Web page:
Keep calm and carry on

10 Aug

Well, I thought it was harmless enough.

But sometimes even the most innocuous jokes are taken poorly. As my tweet spread, I became inundated with @-replies that ranged from mild frustration (“poor taste”) to rage and even a couple of death threats. (My first!) Oh, sure, plenty of people seemed to like the joke, too—and I imagine those that retweeted it, for the most part, understood its tone. But for every positive comment I got, there were ten more iterations of “twat,” “wanker,” “cunt,” “kike,” and “knob jockey.” That last one is the most adorable euphemism for gay I’ve ever heard, so by all means, slur away!

I was overwhelmed by the response—and also really surprised. What about my tweet was actually offensive? Yeah, if you take it literally, it’s an indictment of the English people, but why would anyone take umbrage at another country’s prompt clean-up efforts? As I explained in subsequent tweets—which I’m certain few of the furious masses read—it’s more of a joke about American inactivity and ignorance (particularly about the UK). Of course I don’t think that being quaint and proper are universal English characteristics, or that community action is worthy of criticism. I’m frankly astounded anyone could take it otherwise.

I think there are valid reasons to criticize me for writing that. The riots are taking a serious toll on the country, and it is, for some, “too soon” to joke about them. Fine. But to the slew of people who responded, “We’re cleaning up because we care about our community,” I have to ask, are you fucking kidding me? Of course I understand. Of course I sympathize and admire your efforts. I’d argue that the very stereotype I was lampooning, the “quaint and proper” Englishman, comes from a positive quality many British people do possess—that is, the ability to “keep calm and carry on.” This is not a bad thing.

And then there were the responses that compared the riots to September 11th and Hurricane Katrina. I’m not going to touch that, insofar as I’m not a fan of ranking tragedies. I will say that it strikes me as ass-backwards to suggest a rather tame joke is on par with making light of the deaths of thousands. Which is not to say that comedians haven’t made jokes about 9/11 and Katrina—because plenty have, and often. But the type of humor I was employing is, in my mind, a different animal entirely.

At this point, I have to address what many of you may be wondering—is this entire post just a humblebrag? I won’t deny that I enjoyed the attention I got yesterday: no tweet I’ve written has ever spread so far and so fast. That having been said, I don’t relish being called names, or threatened with violence. And I get no satisfaction from offending people. Now, I didn’t lose (much) sleep over yesterday’s outrage, because I stand behind my joke, and even elaborated it to diminish its potential for being misunderstood. Still, I don’t want attention for being a wanker. (Maybe for being a knob jockey. Aw, knob jockey.)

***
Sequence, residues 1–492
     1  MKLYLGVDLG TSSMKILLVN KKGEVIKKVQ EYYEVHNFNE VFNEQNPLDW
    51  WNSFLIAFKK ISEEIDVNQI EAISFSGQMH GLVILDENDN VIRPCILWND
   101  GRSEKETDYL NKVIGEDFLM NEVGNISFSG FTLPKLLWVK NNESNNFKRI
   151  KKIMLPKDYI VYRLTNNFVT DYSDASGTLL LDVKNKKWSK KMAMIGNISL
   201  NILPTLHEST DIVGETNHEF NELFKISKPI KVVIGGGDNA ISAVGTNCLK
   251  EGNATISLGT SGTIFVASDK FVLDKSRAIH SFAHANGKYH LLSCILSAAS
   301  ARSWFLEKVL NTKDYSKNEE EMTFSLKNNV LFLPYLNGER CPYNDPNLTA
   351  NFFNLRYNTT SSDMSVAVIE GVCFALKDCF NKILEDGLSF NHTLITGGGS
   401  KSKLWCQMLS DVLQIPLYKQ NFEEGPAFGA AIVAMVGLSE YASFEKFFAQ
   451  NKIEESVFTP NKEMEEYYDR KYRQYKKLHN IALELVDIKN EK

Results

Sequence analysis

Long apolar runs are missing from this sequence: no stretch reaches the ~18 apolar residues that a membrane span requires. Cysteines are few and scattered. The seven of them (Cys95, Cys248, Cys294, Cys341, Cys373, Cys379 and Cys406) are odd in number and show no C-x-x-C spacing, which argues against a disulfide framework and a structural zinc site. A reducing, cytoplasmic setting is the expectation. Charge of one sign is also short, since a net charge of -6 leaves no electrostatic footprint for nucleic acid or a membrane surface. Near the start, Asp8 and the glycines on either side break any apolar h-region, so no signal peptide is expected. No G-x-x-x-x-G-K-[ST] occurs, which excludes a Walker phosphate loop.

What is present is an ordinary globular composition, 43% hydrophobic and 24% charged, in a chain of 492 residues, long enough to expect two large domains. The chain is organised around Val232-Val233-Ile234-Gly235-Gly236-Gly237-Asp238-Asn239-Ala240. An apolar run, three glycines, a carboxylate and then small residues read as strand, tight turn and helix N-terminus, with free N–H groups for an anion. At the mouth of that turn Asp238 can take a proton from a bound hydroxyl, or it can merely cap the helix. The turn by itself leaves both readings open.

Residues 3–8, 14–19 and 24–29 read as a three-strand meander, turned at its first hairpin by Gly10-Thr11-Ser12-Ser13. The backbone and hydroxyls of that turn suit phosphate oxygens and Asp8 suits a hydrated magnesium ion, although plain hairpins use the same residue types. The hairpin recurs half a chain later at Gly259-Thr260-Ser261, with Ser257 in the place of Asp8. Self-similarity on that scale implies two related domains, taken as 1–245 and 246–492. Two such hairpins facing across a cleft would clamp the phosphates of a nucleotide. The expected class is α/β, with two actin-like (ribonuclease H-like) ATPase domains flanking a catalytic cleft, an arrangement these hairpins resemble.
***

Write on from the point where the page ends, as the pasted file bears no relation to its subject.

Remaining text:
I’ll also admit I got twitchy at the number of tweets calling me ugly. But then I reminded myself that my avatar isn’t exactly flattering, and I am too adorable to be this insecure.

As always, this experience has reminded me about the downside of exposure. The more people you reach, the more people you can piss off. Someone is always going to be offended, whether for reasons rational or not. Someone else is always going to try to tear you down, perhaps just for the hell of it. I have written before about my need to develop a thicker skin, and I think yesterday’s onslaught of negativity was good exposure therapy. It’s not that I’m past taking harsh words to heart—I’m just learning to appreciate them for what they are.

I understand my humor. I know my heart is in the right place. And I know the people who matter don’t think I’m a soulless monster who deserves to have his house burned down. So it’s here that I note my explanation and reflection on the events do not mean I regret anything. I’m doing something that doesn’t come naturally to me—not apologizing.

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27 Responses to “Keep calm and carry on”

  1. veracityspillsVeracity August 10, 2011 at 3:54 pm #

    I am adopting the word “knob jockey” and using it from now on. Thanks knob jockey!

  2. yoyoha August 10, 2011 at 3:55 pm #

    Kudos Louis! The fact so many people were ‘intrigued’ by your tweet is a testament to the tweet itself and the mind behind it. Anger and frustration are always looking for other avenues to tread, so an American knob jockey is as good as any I suppose. I know your heart remains in the right place. Well done Louis, well done. – yoyoha

    • loula August 15, 2011 at 4:20 pm #

      Dear me!

  3. Miah Saint (@MiahSaint) August 10, 2011 at 3:56 pm #

    Good for you, you poncing little knob jockey.

    • loula August 15, 2011 at 4:34 pm #

      Poncing means to get something that you want by asking someone else for it instead of providing it or paying for it yourself. I’m confused? Didn’t find any evidence of poncing in the above “Keep calm and carry on” or past tweets, Couldn’t comment on whether Knob jockey applies

  4. Mark Leggett (@markleggett) August 10, 2011 at 4:42 pm #

    Burn in Hell Louis Peitzman.

    • loula August 15, 2011 at 4:37 pm #

      A little excessive but so much better than “Kudos”

  5. Mary Kay August 10, 2011 at 11:01 pm #